“With the work you’ve been doing, no” The Oberst said, “I guess your Father-in-Law pulled some strings or something, Major. You’ve been granted leave, so I’m going to have to find someone else to do your job while you’re gone.”

Hans felt a huge sense of relief at that.
 
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This is an ongoing series of interesting events, with nary a bad post in an utterly incredible tale. I see cooperation between Germany and the US in investigating Truman's shooting, combined with American rifles and rocket launchers being fired at German troops, has potential to lead to more bad things happening.

Is Truman able to calm things down, or are racists still exploding?
 
Hans should be weary of the strings his father-in-law just pulled, it looks like his CO was not pleased about it and his fellow officers will try to take advantage of it.
Hans should put his time home to good use by putting together a report on the various options that the OKW can use in South Africa, he could talk to Tilo on what the special warfare units can do and more importantly what they can't do.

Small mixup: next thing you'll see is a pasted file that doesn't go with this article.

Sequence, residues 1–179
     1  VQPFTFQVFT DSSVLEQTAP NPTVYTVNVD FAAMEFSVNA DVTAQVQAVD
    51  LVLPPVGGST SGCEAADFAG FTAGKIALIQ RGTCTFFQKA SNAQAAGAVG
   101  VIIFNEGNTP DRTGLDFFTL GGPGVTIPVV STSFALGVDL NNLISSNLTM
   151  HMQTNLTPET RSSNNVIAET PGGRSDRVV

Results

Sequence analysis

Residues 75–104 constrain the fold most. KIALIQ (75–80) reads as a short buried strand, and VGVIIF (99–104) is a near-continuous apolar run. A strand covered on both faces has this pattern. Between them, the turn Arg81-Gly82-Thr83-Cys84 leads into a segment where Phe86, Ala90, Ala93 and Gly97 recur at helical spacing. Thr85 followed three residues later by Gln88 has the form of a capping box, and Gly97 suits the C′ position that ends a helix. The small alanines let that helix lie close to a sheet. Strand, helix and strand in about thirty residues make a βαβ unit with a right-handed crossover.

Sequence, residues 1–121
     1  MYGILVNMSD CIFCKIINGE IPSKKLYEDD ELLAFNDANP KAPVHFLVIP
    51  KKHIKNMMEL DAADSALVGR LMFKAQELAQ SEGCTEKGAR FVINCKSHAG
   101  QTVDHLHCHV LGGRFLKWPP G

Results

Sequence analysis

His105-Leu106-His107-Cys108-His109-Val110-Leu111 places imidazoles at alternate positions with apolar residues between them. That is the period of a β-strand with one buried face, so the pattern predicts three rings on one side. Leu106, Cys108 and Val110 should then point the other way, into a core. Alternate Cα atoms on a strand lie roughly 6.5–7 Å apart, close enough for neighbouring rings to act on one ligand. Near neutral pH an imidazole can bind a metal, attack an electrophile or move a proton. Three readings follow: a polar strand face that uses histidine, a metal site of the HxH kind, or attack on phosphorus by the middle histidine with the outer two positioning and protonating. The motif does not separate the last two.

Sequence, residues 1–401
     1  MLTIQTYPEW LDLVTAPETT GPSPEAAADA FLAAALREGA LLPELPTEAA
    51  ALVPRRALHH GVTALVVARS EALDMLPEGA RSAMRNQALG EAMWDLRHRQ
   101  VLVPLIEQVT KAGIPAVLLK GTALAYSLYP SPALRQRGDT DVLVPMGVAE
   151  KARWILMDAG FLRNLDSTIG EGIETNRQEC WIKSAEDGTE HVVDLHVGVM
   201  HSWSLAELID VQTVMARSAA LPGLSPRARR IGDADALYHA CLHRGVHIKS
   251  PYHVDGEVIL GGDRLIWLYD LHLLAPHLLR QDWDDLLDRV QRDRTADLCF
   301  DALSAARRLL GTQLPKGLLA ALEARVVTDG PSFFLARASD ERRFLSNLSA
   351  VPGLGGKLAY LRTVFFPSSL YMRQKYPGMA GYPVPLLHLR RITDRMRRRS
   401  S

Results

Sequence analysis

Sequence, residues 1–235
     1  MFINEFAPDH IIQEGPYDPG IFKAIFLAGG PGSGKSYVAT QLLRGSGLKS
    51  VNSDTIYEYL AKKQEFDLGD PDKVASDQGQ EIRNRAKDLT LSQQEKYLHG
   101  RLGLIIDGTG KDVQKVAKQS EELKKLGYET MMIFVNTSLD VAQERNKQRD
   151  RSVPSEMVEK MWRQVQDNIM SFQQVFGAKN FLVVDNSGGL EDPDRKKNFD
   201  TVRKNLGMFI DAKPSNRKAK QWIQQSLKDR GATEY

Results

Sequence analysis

Also he should talk to Kurt about using cavalry troops and see if that is a good idea or if this is just someone IOTL remembering reading about and seeing pictures of the SADF patrolling on horseback in the 70;s and 80's.

I think that for the ground support mission that the Luftwaffe is planning is a bit of overkill using jets, but the Luftwaffe does have justify expenditure of having jets.

Asia has the right perspective on things and Jehane has to learn that Gianna does not exist anymore, also what the Sisterhood did was just very wrong and their mentor should have a little talk to them.

I can see editorial cartoons of Empress Kira with her pet Griffin with the head of Kat instead of an eagle at her side or at her feet.
 
As I said earlier:
At this point I think that Kat needs some help in accepting her honors, and a little time in a 'charm school' to tone down her appearance of dangerous intensity.To mix a metaphor, she needs to cultivate the image of the Empress' hunting leopard sitting at her feet looking on calmly instead of barely being held in check watching everyone around her as potential prey. Learning how to deflect or defuse idiot comments wouldn't hurt, either.